When I passed Teresa cycling on the way up Lookout Mountain, she mentioned that this was her first ride up Lookout this year and she was not expecting to go any faster. When I saw her at the top, she said that she had stopped once on the ascent and wondered why I wanted to chat with someone who rides Lookout so infrequently and so slowly. I ended up having a longer conversation with her than any other interviewee since I started a year ago….because we had a lot in common. Until today I do not believe that I have ever started telling a story that a complete stranger has not only finished for me, but added a myriad of details that I could not have personally contributed.

As she mentioned that she had been in Yellowstone National Park recently, I wondered if she had experienced the flooding. She and her husband had missed it by two days.

I told her that a high school friend of mine had been a ranger there for thirty years. Paul Schullery had received the Will Stegner Award from the University of Colorado for Contributions to the American West some years ago for his writing. When he received the award at CU, my wife and I showed up for the presentation only because I had seen an article about it in the Rocky Mountain News while I was sitting under a tree in the mountains eating my lunch. At the end of the evening Paul entertained questions from the audience- who were mostly students interested in writing. When the moderator said ‘We will take one more question’, I raised my hand and asked ‘Have you had an experience in Yellowstone that none of us would probably ever have?’ Paul is such an excellent story teller that he had been interviewed by Ken Burns for Ken’s special on the national parks. Paul proceeded to tell a tale of the reintroduction of the wolves into Yellowstone.

Another ranger (‘-probably Doug Smith-‘ Teresa added a bit later) had invited him to provide roadkill for relocated wolves held in a large pen inside the park. Doug told Paul to take the meat inside the pen, put it down and take a couple steps back. When Paul entered, the wolves scattered to the perimeter of the pen. As Paul stood motionless, the alpha wolf started to run circles around him at the fence line. The more the wolf ran, the tighter the circles became and the faster he ran. Doug finally said ‘OK, come on out’ and Paul gladly left the enclosure.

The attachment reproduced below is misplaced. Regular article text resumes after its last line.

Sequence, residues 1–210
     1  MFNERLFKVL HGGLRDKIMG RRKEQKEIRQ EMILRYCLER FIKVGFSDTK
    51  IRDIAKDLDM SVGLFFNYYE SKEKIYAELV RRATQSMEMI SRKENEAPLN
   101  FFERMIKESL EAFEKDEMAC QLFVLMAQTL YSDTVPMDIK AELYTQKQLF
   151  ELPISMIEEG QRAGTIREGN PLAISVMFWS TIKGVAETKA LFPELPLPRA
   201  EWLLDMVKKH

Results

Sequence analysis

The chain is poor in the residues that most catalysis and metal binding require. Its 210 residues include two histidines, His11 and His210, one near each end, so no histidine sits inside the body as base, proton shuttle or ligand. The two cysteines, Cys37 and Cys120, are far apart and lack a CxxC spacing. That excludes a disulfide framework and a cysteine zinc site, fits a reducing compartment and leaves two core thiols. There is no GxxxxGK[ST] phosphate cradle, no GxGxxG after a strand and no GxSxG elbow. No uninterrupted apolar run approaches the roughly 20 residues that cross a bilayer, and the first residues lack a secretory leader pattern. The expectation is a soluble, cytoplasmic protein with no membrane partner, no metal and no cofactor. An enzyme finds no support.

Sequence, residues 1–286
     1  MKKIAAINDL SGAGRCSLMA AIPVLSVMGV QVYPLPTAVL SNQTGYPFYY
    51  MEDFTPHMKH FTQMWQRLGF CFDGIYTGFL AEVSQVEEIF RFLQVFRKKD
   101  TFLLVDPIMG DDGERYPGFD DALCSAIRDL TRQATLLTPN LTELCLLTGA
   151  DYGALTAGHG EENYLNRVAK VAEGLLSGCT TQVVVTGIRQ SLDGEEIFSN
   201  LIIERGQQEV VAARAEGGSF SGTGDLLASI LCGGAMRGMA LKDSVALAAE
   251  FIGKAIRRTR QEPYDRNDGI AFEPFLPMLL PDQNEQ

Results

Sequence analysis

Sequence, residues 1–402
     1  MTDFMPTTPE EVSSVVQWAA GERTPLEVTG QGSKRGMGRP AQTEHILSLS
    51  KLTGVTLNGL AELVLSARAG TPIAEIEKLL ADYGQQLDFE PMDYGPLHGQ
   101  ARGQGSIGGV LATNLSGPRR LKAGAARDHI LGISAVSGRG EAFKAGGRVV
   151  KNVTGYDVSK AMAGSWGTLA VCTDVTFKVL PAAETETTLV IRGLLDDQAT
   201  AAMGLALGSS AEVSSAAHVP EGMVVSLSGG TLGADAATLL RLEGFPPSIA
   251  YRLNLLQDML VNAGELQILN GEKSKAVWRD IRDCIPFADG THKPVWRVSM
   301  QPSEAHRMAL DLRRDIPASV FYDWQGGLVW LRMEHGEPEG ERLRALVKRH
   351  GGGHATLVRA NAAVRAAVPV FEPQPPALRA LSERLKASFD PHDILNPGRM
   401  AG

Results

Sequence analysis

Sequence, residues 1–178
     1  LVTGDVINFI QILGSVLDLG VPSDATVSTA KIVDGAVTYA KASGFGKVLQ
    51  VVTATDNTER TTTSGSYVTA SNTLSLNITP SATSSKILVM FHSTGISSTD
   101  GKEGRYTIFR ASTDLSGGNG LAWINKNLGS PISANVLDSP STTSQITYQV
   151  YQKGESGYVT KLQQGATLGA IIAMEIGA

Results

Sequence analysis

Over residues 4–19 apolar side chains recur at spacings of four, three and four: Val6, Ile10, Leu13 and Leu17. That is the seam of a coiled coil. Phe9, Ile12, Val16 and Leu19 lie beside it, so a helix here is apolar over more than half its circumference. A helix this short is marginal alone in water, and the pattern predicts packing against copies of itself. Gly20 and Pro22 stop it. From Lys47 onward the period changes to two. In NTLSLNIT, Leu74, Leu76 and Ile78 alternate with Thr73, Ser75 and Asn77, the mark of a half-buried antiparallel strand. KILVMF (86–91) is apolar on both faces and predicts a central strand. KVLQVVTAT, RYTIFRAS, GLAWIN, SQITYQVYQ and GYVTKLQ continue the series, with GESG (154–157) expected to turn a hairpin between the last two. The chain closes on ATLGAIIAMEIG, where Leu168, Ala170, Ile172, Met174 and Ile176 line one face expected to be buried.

At this point of the discussion, Teresa said ‘I know this story…’ and picked up where I left off. She told of letting the wolves loose and alpha male wolf ten mating with female wolf nine, then the male getting killed and the rangers tracking the female, who had had her pups, and bringing them back to the enclosure. She gave me many details about the pups and the female of which I was unaware. She knew much more than I had learned during the limited time listening Paul during the evening at CU. (And as I told her, every person in the audience was so quiet listening to him that you could have heard a pin drop.)

Paul eventually returned to the enclosure with Doug and had the same experience with the alpha pup of the litter as he had had with the father.

But more about Teresa- Originally from Southern California, she (who most recently worked for an environmental consulting firm) and her bicycle-riding geophysicist husband (both grads of UC Riverside) lived for a while on the slopes of Haleakala in Maui before moving to Colorado. (Very few bugs, she noted.) She remembers cycling with one of her daughters ensconced in a Burley bike trailer when the daughter was only months old. The family ended up in Colorado many years ago and the daughters were both members of the Golden High School Mountain Bike Team and had had classes with Jesse Swift (see previous interview from last week). The oldest daughter is now in Scotland where she is studying global warming, having majored in fluvial geomorphology at CSU, and the younger daughter, a biochemical engineer graduate from CSU, is local to Boulder.

And her advice to local cyclists is- “If you are riding up North Table Mountain- whichever route you take- do not stop until you get to the top, because it is difficult to restart”.  And referring to an incident this week in Yellowstone- “Be careful of the buffalo because, while you are gazing into your scope at other wild animals, those buggers will come very close to you. They can be extremely quiet.”